I adored this book. So many stories about queer kids are about discovering sexualities and learning how to be proud and open about them, but Juliet Takes a Breath instead focuses on another hugely crucial experience for queer teens. Much like elements of my own experiences, Juliet struggles with finding queer mentors, adults that understand what she’s going through and that she can learn how to be healthily queer and healthily a woman of color. So much of queer history has been erased, either deliberately or due to the AIDS crisis, and so learning about your queer history isn’t necessarily easy, double so when you’re also a brown woman. I loved watching Juliet learn more about the cultures she knows she’s a part of and figuring out exactly where she fits in.— Rachel R.
“Thank the goddesses that Gabby Rivera has written a novel! Juliet Takes a Breath introduces Juliet Milagros Palante, a Puerto Rican baby dyke from the Bronx, as she dives into the coming out process. Full of the complexities of what it means to be 19, how to navigate the modern language of sexual identity, who gets to claim the feminist label, and so much more, this is the book to read for every young person with a question about their sexual or racial identity or who just wants to think about their place in today’s world.”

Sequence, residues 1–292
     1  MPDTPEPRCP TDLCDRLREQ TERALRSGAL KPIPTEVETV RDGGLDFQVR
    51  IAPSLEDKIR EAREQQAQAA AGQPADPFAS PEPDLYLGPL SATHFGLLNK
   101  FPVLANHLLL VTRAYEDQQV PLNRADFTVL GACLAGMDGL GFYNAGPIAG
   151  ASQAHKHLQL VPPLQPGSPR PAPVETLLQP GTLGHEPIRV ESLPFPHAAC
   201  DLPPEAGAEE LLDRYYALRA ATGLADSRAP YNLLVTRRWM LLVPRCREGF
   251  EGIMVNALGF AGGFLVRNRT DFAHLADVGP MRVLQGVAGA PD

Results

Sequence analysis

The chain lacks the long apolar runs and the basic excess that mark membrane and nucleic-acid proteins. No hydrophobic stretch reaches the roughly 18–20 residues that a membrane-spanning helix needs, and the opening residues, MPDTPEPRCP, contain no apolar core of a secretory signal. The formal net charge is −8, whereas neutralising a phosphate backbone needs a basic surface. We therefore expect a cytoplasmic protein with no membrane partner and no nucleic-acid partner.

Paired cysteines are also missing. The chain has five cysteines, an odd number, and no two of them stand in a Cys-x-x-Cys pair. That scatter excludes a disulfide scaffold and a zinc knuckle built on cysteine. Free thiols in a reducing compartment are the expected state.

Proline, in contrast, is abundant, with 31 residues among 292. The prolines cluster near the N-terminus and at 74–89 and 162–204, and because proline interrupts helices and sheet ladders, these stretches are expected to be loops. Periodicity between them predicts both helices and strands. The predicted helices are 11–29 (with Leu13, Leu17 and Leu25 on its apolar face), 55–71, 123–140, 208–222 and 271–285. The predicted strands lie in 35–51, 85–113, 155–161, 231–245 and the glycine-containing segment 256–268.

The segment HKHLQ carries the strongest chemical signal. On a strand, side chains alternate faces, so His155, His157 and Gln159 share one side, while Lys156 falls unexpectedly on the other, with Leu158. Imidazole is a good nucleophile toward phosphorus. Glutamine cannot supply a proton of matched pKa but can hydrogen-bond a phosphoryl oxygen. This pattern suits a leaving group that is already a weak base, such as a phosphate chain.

— Lisa Swayze, Buffalo Street Books, Ithaca, NY
A People magazine Best Book of Fall 2019
An Amazon Best Young Adult Book of 2019
F--king outstanding. (Roxane Gay, New York Times best-selling author)
Juliet Milagros Palante is a self-proclaimed closeted Puerto-Rican baby dyke from the Bronx. Only, she's not so closeted anymore. Not after coming out to her family the night before flying to Portland, Oregon, to intern with her favorite feminist writer - what's sure to be a life-changing experience. And when Juliet's coming out crashes and burns, she's not sure her mom will ever speak to her again.
But Juliet has a plan - sort of. Her internship with legendary author Harlowe Brisbane, the ultimate authority on feminism, women's bodies, and other gay-sounding stuff, is sure to help her figure out this whole Puerto Rican lesbian thing. Except Harlowe's white. And not from the Bronx. And she definitely doesn't have all the answers....
In a summer bursting with queer brown dance parties, a sexy fling with a motorcycling librarian, and intense explorations of race and identity, Juliet learns what it means to come out - to the world, to her family, to herself.